Thursday, June 03, 2021

Spinning Discs and Submarines

This was Kodak's top-of-the-line Disc camera in 1982. The 8000 added a few features over its cheaper stablemates...

Yes, I know it's an Akula. I didn't have a tiny Typhoon.
The cheaper Disc cameras could shoot pretty quickly, at least in a world where motor drive was kind of a novelty. A quick shooter could probably get two shutter presses a second just by poking the button. The 8000 added a selector switch on the front. Leave it in semiauto "●" mode and it worked like a regular shutter button. Slide it into burst "●●●" mode and it'd shoot three frames a second for as long as you held the button down... or at least for the five seconds it took to use up a 15-frame disc.

It has a sliding switch that moves a converter in front of the fixed-focus 12.5mm f/2.8 lens, for head-and-shoulders portraits & closeups. I don't know what that does to the focal length, but given that the basic lens had a field of view roughly equivalent to a 40mm lens on a 35mm camera, it was probably something in the 80mm range. The distance info on the inside of the camera's folding cover says it's to be used for shooting anything from one-and-a-half to four feet; anything farther uses the regular lens. It's spring loaded and poking a little button will retract it. If you close the cover, a little nubbin on the inside of the cover will trip the button and retract the lens automatically. On this old camera, deploying the closeup lens sounded like opening a creaky screen door.

The Disc 8000 also had a very modern looking digital display in the lid. That's an LCD travel alarm clock. That's right, the LCD display does not involve any camera functions. It's not a a frame counter or anything; it's not even connected to the camera proper. It's just an LCD travel alarm clock in the folding plastic cover. LCD clocks were very modern in 1982.

Normally in the camera world, the more money you spend, the more "professional" features you get and the more manual control you have over camera functions, but not with the Disc line. The 8000 retailed for $142.95... nearly four hundred bucks in today's money ...but you had zero manual control over the camera. The camera decided whether or not you needed flash, picked an aperture, and chose between 1/100th or 1/200th shutter speeds, and it did this on the el-cheapo Disc 4000 the same as the top of the line 8000. All you got for better than double the MSRP was a full-auto button, a sliding plastic closeup lens, a travel alarm clock, and a brushed gold tone finish.

The film discs dropped in the back. Close the camera back, lock the latch down, and it whirred to the first frame, ready to go.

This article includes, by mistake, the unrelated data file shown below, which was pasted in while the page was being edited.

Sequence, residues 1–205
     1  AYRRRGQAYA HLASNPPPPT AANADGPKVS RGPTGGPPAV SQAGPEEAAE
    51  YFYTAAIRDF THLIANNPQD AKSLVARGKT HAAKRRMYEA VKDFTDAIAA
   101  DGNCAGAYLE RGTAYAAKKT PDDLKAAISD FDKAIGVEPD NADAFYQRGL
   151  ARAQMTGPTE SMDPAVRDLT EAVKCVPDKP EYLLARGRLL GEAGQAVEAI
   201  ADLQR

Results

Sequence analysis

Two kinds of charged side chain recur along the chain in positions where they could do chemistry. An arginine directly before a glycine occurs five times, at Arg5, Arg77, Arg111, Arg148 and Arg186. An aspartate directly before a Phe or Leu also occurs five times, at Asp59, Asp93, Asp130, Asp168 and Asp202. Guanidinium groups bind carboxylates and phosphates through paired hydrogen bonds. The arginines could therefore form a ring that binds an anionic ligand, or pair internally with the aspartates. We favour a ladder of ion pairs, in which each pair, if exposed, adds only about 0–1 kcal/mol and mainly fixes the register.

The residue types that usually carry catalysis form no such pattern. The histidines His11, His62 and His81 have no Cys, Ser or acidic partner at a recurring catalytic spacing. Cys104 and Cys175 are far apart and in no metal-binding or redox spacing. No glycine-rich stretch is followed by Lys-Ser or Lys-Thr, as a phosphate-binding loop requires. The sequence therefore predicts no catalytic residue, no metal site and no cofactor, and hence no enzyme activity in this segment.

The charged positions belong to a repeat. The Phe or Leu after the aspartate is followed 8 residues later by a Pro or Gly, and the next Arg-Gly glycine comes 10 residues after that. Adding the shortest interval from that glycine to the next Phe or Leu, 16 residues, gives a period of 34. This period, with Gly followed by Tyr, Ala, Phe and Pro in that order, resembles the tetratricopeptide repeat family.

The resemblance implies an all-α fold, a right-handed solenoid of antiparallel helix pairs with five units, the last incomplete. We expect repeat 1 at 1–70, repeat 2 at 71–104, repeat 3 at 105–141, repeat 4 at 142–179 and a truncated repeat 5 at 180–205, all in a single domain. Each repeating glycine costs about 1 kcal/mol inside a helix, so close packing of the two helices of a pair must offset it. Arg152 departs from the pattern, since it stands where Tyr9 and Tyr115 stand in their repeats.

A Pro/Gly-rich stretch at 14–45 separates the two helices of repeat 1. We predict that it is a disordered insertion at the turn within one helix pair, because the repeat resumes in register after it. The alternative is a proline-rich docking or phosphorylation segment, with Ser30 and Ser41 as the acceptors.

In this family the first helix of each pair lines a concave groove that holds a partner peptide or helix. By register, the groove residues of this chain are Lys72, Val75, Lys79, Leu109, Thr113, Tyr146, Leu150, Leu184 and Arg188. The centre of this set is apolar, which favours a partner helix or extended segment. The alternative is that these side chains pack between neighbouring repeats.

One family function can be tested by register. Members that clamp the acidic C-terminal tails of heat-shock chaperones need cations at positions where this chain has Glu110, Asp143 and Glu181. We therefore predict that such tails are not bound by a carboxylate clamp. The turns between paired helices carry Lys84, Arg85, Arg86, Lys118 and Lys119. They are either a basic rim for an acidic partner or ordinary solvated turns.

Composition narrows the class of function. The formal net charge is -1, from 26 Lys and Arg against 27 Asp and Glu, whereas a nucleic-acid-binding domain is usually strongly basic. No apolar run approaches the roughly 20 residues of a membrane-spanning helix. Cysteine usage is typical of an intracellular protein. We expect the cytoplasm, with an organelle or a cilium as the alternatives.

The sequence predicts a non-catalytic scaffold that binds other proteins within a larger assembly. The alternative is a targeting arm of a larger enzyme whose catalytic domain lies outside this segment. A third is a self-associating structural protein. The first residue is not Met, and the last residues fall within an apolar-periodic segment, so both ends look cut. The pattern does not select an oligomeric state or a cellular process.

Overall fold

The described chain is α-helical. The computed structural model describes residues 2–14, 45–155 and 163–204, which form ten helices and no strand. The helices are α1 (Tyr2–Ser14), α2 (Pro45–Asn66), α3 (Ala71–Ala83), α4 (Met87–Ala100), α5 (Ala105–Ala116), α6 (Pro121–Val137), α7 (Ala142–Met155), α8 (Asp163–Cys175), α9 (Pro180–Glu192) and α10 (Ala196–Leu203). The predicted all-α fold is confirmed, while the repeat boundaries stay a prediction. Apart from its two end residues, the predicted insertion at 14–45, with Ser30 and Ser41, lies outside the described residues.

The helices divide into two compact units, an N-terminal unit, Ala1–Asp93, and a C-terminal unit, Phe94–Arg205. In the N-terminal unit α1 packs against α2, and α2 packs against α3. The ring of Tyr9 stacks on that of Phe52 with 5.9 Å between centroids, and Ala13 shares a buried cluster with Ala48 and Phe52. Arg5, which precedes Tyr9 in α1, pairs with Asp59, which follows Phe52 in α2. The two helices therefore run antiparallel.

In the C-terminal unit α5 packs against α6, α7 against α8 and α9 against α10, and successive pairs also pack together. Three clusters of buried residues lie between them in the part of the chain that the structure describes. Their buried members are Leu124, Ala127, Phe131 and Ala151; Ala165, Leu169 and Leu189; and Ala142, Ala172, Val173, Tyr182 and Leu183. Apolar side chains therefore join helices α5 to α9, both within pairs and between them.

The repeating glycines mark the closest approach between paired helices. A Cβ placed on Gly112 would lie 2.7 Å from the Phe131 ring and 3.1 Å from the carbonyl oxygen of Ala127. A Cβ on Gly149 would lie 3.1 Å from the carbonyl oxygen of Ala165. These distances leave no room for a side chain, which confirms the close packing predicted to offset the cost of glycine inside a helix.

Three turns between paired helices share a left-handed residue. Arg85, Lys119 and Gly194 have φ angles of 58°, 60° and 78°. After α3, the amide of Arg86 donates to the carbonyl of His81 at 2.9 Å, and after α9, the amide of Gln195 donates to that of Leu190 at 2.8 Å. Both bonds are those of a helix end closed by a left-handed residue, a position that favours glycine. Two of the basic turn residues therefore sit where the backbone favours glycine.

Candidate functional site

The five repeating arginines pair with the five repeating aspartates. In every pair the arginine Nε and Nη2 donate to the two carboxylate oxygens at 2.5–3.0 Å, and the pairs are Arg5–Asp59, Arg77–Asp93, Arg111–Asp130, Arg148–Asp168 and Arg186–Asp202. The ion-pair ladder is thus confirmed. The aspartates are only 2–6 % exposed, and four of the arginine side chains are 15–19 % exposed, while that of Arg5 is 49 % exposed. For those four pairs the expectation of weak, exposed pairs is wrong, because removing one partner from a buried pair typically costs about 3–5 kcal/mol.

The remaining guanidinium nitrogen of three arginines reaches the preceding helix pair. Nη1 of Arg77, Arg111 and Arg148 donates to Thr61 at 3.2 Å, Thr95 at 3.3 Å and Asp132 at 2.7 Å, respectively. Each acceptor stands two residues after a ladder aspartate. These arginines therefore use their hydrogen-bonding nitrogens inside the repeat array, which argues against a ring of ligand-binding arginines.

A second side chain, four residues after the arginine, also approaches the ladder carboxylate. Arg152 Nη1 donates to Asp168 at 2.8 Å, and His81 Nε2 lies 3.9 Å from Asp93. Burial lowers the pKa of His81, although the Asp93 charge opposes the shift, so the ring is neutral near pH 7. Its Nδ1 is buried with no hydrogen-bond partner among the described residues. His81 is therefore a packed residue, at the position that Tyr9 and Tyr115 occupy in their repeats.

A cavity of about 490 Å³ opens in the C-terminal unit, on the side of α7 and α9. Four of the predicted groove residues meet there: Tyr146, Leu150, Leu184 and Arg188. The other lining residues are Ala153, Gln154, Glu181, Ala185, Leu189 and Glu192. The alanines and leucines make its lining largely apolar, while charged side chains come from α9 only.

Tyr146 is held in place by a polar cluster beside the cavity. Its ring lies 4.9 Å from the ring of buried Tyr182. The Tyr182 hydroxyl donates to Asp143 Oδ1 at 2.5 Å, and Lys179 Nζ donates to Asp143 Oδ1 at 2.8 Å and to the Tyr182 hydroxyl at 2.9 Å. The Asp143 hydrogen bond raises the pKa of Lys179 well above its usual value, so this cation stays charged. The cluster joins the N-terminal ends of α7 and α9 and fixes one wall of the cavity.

While the thicker Disc film was more likely to lie flat in the focal plane than the film in contemporary 110-format, and could theoretically deliver sharper photos than the 110, getting good prints out of it depended on your local minilab having bought new, more expensive printers, and most of them didn't. Printed with existing equipment, Disc photos looked like grainy ass, even at 3"x5" size. Printing bigger from the tiny negatives was hopeless.

All that above makes this passage from The Hunt for Red October especially lulzy.

Spy writers were briefly enamored with the Discs, because the cameras were so flat, plus the negatives were almost exactly the same size as the 16mm ones used in the classic Minox spy cameras.

Still, the passage as described by Clancy above is kinda implausible. For starters, there's no easy way for MI6 to have processed just part of a disc and leave a couple negatives for the CIA to process. I mean, you could cut the disc apart in a dark bag, but how do you know what's on what frame at that point? Hoping for a lot of detail from these images, especially blown up to 10"x10" (?) prints as described later in the book is bordering on wishful thinking.

The LCD travel alarm clock is how you know it's high-tech. The brushed gold-tone finish is how you know it's high-end.

The Disc cameras were only in production for some six years at Kodak. Disc's role in the photo ecosystem was largely usurped by the almost equally short-lived APS format, which was in turn replaced by digital photography.

As a final indignity for loyal disc shooters, the Kodak cameras as sold on the US market, even the expensive 8000, do not have user-replaceable batteries. These days they're mostly just curiosities, an excuse to order one as a photo prop when you find yourself chortling over a passage in a Clancy novel you hadn't read in a long time...